Indonesia and Malaysia have agreed Wednesday to temporarily take in migrants arriving on their shores in boatfuls plus the more than 2,000 migrants still stranded at sea on the condition that they be resettled in less than a year.
The two countries have previously refused these migrants into their shores and sent them back to sea after giving them supplies and fuel.
The agreement was made after representatives from Indonesia, Malaysia and Thailand met in Kuala Lumpur to discuss a possible solution for the surge of refugees, also called "boat people," who are believed to be primarily Rohingya Muslims fleeing from Myanmar.
However, Indonesian Vice President said more talks may be necessary because the countries have various considerations in taking the Rohingya migrants in.
Rohingya Muslims have long been persecuted in Myanmar, which is a predominantly Buddhist country. They are not recognized in their country, and even the term "Rohingya" is not recognized by the government of Myanmar. Instead, the Rohingya are referred to as "Bengalis," which is the word used for illegal migrants from Bangladesh, even though they have stayed in the country for many generations.
In the last few years, an estimated 120,000 Rohingya have fled Myanmar to avoid the violent attacks of Buddhist extremists. Many Rohingya have died in the hands of their persecutors while others have been captured and placed in prison camps.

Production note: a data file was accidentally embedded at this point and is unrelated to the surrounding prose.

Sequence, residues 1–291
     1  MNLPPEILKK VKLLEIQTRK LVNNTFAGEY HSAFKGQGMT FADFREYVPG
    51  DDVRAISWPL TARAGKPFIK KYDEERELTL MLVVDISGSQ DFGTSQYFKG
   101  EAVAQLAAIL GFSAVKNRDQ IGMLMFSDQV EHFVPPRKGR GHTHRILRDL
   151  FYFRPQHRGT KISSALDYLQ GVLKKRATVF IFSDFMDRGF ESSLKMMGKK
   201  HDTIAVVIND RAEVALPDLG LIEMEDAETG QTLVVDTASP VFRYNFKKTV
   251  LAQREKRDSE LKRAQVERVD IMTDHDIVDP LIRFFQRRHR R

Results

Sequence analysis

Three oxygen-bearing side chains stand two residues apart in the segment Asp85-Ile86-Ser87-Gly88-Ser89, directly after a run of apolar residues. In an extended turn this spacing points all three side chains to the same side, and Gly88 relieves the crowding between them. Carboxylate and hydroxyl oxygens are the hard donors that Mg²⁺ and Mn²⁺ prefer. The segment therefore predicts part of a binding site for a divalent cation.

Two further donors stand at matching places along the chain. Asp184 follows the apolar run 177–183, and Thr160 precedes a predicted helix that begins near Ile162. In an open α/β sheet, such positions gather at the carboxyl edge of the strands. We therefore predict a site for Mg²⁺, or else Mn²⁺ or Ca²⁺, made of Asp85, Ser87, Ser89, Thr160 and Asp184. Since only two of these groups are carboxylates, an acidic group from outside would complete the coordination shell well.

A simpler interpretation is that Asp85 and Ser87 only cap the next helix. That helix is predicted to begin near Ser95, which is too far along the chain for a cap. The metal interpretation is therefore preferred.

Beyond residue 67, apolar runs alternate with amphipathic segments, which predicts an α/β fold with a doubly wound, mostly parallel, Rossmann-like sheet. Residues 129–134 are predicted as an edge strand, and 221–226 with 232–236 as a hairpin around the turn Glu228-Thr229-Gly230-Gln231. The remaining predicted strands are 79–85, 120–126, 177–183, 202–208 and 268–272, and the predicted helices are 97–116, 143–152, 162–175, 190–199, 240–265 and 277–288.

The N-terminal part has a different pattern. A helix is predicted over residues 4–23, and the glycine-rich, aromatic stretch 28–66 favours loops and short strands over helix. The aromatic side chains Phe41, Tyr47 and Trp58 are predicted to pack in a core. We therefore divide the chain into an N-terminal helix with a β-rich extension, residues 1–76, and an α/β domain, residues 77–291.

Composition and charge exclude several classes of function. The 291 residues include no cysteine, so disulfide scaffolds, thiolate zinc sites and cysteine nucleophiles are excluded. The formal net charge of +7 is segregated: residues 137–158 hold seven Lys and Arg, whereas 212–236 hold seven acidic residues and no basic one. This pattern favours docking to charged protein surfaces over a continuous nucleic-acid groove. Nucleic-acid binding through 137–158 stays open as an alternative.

Although it has a key role in solving the present migrant problem, Myanmar refuses to be involved in talks where the Rohingya are concerned, which is why they did not send a representative when the three countries met in Kuala Lumpur on Wednesday.
The U.N. High Commission on Human Rights (UNHCR) said in a statement that the Indonesia's and Malaysia's decision to help stranded refugees is "an important initial step in the search for solutions to this issue, and vital for the purpose of saving lives," CNN reported.
UNHCR further said, "UNHCR itself is ready to work with countries in the region to find solutions to the plight of these people. These ultimately may include returning people to their home countries voluntarily and once conditions allow."
The U.S. said it will take part in any international effort of the UNHCR to help save lives and resettle the migrants, but the root cause of the problem, which is "the treatment of the Rohingya population inside Myanmar," must be dealt with, CNN reported.
On Thursday, Malaysian Prime Minister Najib Razak has called for search and rescue operations for Rohingya migrants who are still at sea. "We have to prevent loss of life," he said, according to Miami Herald.
Four navy ships set out to look for refugees who have been reportedly in boats off the coast of Myanmar for more than 30 days. The Malaysian government has also readied three helicopters and three more ships on standby.
Amid the softening of the southeast Asian countries toward the plight of the Rohingya refugees, Myanmar also reversed its earlier decision not to attend the upcoming ASEAN meeting in Bangkok on June 29, saying that it will participate.
Meanwhile, Australia and Thailand stand firm in their decision not to welcome migrants to their shores.
Australian Prime Minister Tony Abbott said, "I'm sorry. If you want to start a new life, you come through the front door, not through the back door," according to the Guardian.
He added that they will not encourage the refugees to get on their boats and flee their country. "If we do the slightest thing to encourage people to get on the boats, this problem will get worse, not better."